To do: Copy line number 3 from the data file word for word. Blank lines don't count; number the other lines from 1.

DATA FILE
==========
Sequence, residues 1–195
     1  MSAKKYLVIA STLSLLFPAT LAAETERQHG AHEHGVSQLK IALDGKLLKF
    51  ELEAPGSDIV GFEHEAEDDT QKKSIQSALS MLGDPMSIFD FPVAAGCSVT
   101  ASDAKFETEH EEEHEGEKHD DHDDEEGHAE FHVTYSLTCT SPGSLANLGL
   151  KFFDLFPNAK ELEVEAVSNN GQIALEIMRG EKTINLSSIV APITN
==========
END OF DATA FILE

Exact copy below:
    51  ELEAPGSDIV GFEHEAEDDT QKKSIQSALS MLGDPMSIFD FPVAAGCSVT